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In the example above, imagine that ‘Blk B’ as proposed by node 4 contains a fraudulent transaction pretending that some arbitrary user sent node 4 $100. It is entirely possible that node 4 can win the “mini lottery” of proposing a valid solution to the chain and successfully have ‘Blk B’ appended. For the time being, this fraudulent transaction will begin to propagate from node B to other nodes, convincing different users on the network that this transaction did indeed occur. What prevents this inaccurate and fraudulent ‘Blk B’ from remaining part of the chain is that node B is unable to consistently win the “mini lottery” of solving the block puzzle before all other nodes.

There will always be a greater number of nodes who have NOT yet received any indication that the fraudulent transaction in ‘Blk B’ exists. This is because at first, there is only 1 node preaching the existence of this fake transaction whereas all other nodes on the network are working on the assumption that said transaction has never ocurred.

As time continues, we see that node 2 is the first node to propose the next valid solution. This solution does NOT fit the header of ‘Blk B’ due to the fact that node B would never have been notified of the fraudulent transaction present in ‘Blk B’, and thus would not produce a valid solution to match the block. Over time, the population of nodes who do not contain ‘Blk B’ will continue to win the majority of puzzle solutions simply due to their greater control over the network. Eventually, every node will be forced to disregard any forked chains with ‘Blk B’ since there exists such a greater proof of work supporting the chain without ‘Blk B’.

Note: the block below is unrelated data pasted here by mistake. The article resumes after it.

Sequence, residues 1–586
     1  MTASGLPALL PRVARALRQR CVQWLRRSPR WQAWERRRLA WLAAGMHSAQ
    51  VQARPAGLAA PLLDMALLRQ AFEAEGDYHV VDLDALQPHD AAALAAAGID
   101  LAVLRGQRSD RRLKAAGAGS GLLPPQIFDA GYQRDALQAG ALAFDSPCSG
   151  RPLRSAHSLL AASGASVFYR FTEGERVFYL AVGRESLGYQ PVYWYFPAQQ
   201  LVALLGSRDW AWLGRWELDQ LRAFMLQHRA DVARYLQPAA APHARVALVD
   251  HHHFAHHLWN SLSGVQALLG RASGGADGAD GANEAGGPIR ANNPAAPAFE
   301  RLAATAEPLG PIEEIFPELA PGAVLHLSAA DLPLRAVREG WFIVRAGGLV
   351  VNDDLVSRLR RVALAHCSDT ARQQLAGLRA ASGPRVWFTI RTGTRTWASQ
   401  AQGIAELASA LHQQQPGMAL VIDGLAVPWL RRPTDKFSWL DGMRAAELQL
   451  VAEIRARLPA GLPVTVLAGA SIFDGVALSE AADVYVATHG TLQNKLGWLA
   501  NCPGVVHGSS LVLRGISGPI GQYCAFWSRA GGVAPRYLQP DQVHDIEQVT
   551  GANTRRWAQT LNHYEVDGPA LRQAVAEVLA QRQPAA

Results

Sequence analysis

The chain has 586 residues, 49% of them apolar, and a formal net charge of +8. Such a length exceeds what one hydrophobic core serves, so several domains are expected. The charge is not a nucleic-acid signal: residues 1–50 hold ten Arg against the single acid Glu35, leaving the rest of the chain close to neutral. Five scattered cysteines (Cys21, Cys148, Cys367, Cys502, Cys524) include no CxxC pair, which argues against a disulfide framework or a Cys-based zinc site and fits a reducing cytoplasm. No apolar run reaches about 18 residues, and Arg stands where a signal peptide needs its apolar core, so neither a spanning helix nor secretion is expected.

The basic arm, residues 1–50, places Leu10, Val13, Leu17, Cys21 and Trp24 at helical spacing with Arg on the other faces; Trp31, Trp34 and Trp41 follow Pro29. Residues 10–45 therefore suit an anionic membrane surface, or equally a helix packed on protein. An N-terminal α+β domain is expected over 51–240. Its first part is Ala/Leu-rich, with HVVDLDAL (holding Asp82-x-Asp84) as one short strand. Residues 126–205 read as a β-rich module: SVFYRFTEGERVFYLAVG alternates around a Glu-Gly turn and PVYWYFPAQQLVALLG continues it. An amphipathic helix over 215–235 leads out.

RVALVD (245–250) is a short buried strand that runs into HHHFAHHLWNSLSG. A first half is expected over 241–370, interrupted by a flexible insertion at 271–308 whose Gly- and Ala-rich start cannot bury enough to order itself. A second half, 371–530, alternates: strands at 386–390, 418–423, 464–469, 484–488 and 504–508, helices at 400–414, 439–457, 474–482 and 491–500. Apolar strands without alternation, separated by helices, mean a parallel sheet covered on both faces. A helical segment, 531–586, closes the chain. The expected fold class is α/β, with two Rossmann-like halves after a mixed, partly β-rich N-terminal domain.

The only way for a malicious user to truly take over control of the public ledger would be for a single entity to effectively and continuously control over 50% of the network’s computing power. This is the only way to ensure that one user will continually beat-out other nodes in the race to propose valid solutions for the next block. In this regard, proof of work preserves consensus by increasing the difficulty for one user to control the network.

16.13.3. Ethereum